It is the surrogate who has to take in her stride the extreme uncertainty and material cost of the repeated failures which involve a painful procedure. The contracting party has no obligation towards pregnancy loss, maternal mortality, other health risks, post-natal care and recovery of the surrogate mother. She has to tolerate invasive clinical procedures pertaining to the transfer of a large number of in vitro embryos or foetal reduction if it is undesired sex or an unwanted multiple pregnancy. The risk of miscarriage is two to three times higher than in normal pregnancies as repeated implants are frequent. Heavy medication, multiple embryo transfers, multiple gestation and foetal reduction can have serious consequences. Surrogates also risk exposure to sexually transmitted diseases. Pre-pregnancy procedures are not counted in the nine-month ‘employment period’.
A surrogate, it is claimed, earns in one year the equivalent of 3 to 15 years of income. This ‘high’ income is calculated from the ‘low’ income of her household/husband. The price advantage is attributed to the lower cost or standard of living, leaving the surrogate with huge surplus. It is the poverty of the party concerned that makes the payment look ‘high’. Women who carry children for Indian couples make between Rs 80,000 and Rs 2 lakh, whereas those who work for foreign couples can earn up to Rs 5 lakh. This price is far below what the foreign visitors would pay in their own countries.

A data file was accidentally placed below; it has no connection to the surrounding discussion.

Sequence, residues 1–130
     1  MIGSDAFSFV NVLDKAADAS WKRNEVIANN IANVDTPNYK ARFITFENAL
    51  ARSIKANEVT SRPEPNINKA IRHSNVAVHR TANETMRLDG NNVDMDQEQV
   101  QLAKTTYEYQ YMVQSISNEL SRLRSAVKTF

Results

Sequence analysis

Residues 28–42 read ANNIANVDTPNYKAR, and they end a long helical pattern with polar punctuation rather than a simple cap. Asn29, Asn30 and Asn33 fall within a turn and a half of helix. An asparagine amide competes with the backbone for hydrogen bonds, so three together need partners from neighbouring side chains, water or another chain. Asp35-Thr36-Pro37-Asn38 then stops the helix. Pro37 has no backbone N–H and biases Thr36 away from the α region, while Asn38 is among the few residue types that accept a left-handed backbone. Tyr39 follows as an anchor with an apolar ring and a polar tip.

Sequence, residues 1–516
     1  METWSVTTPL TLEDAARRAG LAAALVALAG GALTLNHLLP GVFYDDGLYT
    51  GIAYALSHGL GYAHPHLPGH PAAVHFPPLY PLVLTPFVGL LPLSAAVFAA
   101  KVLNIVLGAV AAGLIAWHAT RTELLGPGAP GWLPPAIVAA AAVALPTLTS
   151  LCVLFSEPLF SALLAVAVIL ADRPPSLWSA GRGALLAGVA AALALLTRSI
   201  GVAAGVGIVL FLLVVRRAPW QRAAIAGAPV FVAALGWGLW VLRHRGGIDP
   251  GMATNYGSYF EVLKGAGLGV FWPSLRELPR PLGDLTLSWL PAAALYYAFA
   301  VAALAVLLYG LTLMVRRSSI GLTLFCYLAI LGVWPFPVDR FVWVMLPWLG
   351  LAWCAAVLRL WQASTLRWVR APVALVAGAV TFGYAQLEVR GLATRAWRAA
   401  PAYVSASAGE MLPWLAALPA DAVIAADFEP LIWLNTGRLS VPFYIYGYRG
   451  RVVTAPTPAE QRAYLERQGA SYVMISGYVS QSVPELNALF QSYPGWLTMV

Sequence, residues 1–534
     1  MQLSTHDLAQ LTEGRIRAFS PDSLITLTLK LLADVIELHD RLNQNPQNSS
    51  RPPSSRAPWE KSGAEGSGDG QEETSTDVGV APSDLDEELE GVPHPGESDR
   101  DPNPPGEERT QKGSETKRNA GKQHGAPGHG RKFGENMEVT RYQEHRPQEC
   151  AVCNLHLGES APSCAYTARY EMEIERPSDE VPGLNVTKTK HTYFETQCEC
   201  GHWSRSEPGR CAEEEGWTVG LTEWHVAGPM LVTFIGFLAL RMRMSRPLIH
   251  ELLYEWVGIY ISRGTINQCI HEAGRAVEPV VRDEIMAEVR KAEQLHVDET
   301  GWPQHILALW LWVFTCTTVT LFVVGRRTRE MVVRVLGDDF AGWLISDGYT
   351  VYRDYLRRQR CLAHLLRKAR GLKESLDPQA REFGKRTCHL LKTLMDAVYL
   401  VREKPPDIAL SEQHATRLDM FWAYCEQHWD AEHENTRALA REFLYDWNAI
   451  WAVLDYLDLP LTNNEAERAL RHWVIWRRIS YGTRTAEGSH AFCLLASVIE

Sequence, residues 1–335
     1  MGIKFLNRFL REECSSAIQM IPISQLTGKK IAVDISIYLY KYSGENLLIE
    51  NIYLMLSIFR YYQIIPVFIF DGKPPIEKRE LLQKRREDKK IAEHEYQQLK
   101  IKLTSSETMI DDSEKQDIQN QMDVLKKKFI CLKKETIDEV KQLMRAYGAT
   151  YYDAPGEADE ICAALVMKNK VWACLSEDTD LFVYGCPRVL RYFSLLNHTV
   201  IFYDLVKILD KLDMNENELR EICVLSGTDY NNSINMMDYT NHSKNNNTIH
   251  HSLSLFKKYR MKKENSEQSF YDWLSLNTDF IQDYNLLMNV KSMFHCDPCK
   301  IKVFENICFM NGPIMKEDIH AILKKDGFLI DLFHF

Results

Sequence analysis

Indian feminists/activists have been alarmed by the onslaught of commercial surrogacy. Their objections emanate primarily from their concern over the fact that women have no choice in this matter. Their reproductive capacity is totally in the hands of men, controlled, in fact abused, by them for their own benefit. It is a kind of baby-selling for money. Treated as a ‘'breeder’, her reproductive capacity is sold and re-sold as a commodity. Women are pressured into surrogacy as a way to alleviate economic pressures at home.
After completing their families, they are required to reproduce for commercial purposes. The money so earned is pocketed by the husband, who squanders it. One woman said she agreed as she desperately needed Rs 3 lakh to repay the loans her husband had taken. There are instances where even while she has not borne children of her own or her family is not complete, she is coerced into producing for others. This takes a heavy toll on her health and life. Many cases can be cited of the gross exploitation in this trade. There are are also instances of abuse such as foreign parents neglecting to pay the surrogate or abandoning the newborn after learning of birth defects etc. For example, an Australian couple abandoned one of their twin babies born to a surrogate in Delhi because they already had a child of the same sex.
The practice of commercial surrogacy is fraught with many pressing dilemmas that go much beyond the binary of commercial versus altruistic surrogacy. The question is whether this initiative by the government will be able to solve the problem. Despite heavy penalisation and imprisonment, the danger of this ‘lucrative’ practice going underground is very real. What about the surrogates? A ban does not address the situation that causes women to enter surrogacy arrangements. Should we not pay attention to that?